None of that is happening here. The money that would have gone to Albert Pujols could be used to sign an impact free agent, put towards a contract extension for Yadier Molina or buying out some arbitration years of a young player as they did earlier this year with Jaime Garcia.
Given the current makeup of the team, and the hopes that Allen Craig and Adam Wainwright can recover from their injuries, that money might be put away for a rainy day, or as we have come to call it, dry powder. I still hate that phrase.
3. Adron Chambers
Adron Chambers didn’t make his major league debut, he exploded onto the scene. The kid is a bundle of energy. If watching him play in Springfield and Memphis is any indication, he may be exactly the catalyst that the Cardinals need in a post-Pujols lineup.
The player he most reminds me of is Vince Coleman. Although he doesn’t possess Coleman’s raw speed, he does have his aggressive competitiveness. He makes lot of mistakes on the bases (getting thrown out stealing third base when a good hitter is at the plate), but he also sets an operational tempo and bothers opposing pitchers. That was a part of the game that Tony La Russa never seemed to be interested in, but Chambers may be a genuine game changer. Just remember, it was an injury to David Greene, somewhat of an Allen Craig type hitter, that created an opening for Willie McGee. McGee wasn’t really thought of as a major league talent, or at best, a reserve outfielder. A couple of years later, it was an injury to McGee that created an opening for Coleman. Coleman was a bit different as he was expected to play in the major leagues, but not for a while yet.
Adron Chambers could follow in these players footsteps. If last year taught us anything, it is that history has an odd way of repeating itself. Often, when you least expect it.
2. Allen Craig
One of my favorite blogs of 2011 was from our friend, William Tasker, who made the point that the Cardinals need to find a way to get Allen Craig into their 2012 lineup on a regular basis. I’m not sure that’s what William had in mind, but we can now drop the notion of Craig learning how to play second base. William will get his wish, once Craig recovers from his off-season knee surgery and Cardinals fans will soon be cheering for him as their memories of Albert Pujols fade into the happy past.
1. Matt Adams
I wrote an article comparing Matt Adams and Prince Fielder back in August. If you would like to read the entire piece, you will find it here. If not, here are the last couple of paragraphs.
People who have seen this young man play just utter a single syllable: BEAST. He’s a big kid that hits just about everything HARD. Even his singles are smashes. Can we say, Matt Holliday ? Dare we say… Albert Pujols ?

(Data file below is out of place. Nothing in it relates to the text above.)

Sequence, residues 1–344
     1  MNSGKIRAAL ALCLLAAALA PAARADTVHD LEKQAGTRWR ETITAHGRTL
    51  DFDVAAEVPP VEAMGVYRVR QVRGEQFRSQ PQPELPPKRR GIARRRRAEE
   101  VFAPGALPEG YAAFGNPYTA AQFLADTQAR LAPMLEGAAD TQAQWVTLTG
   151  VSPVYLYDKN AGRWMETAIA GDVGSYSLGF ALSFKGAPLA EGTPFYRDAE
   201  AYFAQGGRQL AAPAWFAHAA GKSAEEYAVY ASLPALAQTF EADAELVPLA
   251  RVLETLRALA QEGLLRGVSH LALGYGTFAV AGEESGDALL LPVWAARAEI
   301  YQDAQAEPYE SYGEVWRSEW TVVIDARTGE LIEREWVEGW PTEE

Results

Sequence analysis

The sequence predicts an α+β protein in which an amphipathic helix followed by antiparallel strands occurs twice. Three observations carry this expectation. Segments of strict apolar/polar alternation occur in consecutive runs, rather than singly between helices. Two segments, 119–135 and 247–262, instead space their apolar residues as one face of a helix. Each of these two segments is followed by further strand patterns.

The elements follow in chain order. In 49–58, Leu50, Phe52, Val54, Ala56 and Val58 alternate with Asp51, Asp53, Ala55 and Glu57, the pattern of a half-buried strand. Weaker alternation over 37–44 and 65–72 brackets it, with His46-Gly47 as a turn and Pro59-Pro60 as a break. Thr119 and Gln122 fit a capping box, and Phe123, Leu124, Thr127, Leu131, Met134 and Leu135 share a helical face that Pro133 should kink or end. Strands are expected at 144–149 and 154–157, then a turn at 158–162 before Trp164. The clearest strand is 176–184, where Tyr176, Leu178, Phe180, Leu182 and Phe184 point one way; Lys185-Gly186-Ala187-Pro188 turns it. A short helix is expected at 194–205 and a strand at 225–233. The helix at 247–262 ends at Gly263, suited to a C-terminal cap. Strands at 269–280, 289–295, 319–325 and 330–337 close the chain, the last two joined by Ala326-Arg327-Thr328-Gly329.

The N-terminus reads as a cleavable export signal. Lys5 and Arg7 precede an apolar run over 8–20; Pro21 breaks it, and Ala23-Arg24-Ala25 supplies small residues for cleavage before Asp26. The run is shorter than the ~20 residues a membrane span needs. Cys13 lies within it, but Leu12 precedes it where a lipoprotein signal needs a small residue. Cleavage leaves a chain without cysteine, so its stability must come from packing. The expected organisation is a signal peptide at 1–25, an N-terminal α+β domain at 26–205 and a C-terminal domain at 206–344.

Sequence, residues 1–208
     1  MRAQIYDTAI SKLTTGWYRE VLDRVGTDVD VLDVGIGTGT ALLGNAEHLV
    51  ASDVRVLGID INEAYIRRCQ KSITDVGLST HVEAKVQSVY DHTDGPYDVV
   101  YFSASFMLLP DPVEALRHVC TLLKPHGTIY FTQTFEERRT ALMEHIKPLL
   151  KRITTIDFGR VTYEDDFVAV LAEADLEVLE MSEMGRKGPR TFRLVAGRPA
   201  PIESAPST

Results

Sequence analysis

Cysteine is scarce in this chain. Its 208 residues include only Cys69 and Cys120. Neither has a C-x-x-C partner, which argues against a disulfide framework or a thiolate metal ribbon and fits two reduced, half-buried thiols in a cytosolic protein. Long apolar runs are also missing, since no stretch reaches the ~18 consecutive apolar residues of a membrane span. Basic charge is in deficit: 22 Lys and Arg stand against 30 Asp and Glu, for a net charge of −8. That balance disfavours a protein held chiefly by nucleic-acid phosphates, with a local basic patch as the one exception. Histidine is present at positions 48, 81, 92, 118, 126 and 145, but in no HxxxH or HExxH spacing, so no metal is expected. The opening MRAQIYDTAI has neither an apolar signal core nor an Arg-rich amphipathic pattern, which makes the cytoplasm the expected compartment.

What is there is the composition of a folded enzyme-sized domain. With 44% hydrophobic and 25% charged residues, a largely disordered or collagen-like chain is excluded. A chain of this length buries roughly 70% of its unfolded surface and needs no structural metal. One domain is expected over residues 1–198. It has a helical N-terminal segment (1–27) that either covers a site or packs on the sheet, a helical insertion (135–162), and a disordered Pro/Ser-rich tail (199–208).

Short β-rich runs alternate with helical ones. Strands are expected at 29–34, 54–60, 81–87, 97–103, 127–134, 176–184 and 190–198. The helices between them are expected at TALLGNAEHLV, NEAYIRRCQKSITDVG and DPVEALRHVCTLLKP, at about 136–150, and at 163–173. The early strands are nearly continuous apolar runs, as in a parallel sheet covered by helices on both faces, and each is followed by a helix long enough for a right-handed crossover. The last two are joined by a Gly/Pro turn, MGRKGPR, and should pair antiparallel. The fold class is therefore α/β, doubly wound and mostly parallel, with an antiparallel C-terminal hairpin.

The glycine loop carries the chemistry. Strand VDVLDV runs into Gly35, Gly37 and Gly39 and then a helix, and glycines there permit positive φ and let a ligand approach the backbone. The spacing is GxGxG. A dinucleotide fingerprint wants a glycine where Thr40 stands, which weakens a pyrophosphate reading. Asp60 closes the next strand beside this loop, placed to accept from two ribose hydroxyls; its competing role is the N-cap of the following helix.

Unfortunately, Albert Pujols did not play enough games in the minor leagues to even leave a tiny clue for comparison. But there is one recent player that might be able to give us some guidance – Brett Wallace. When you think back at offensive prospects in the Cardinals farm system, Wallace’s name bubbles to the top very quickly. The Oakland Athletics thought so much of him that they were willing to part with Matt Holliday – that speaks volumes.
Believe it or not, Adams production in the minors so far has outpaced that of Brett Wallace.
Can Matt Adams continue to produce at this level as he moves up in the Cardinals system ? Nobody knows, but if I was buying a house based on his comparable statiscs, I wouldn’t hesitate to sign at the dotted line. A lot can still happen, but he creates one fascinating scenario.
What if Albert Pujols and the Cardinals are unable to reach an agreement prior to the start of the 2012 season, and El Hombre goes elsewhere ? [edit: now we know the answer to that] Perhaps Lance Berkman could bridge the gap until Matt Adams is ready for the big leagues. Would another year of Lance Berkman, this time playing first base, be all that bad, based on what we have seen this year ?
I don’t think so. While I would rather see Albert Pujols remain a Cardinal for a variety of reasons, if his salary demands exceed what the Cardinals are able to pay, I am no longer fearful of the Pupocalypse. It’s not the doom and gloom scenario it once was, thanks to Lance Berkman and a young man you will be hearing a lot about – Matt Adams.
Those are my top 5 reasons I’m still optimistic about the Cardinals. What are some of yours ? Please let me know in the comments – I always enjoy reading them.
As for Albert Pujols, it is time to politely thank him for eleven outstanding seasons. He gave Cardinals fans a lot to cheer about. At the same time, Cardinals fans showed their appreciation, even when he was struggling last season. We have both done our part and nothing more is owed in either direction. I will remain ambivalent about Albert’s new career path, not from outrage, but because it would take attention away from the players that are still on the Cardinals roster. Those are my favorite players because I am a Cardinals fan first. Always have been, and always will be.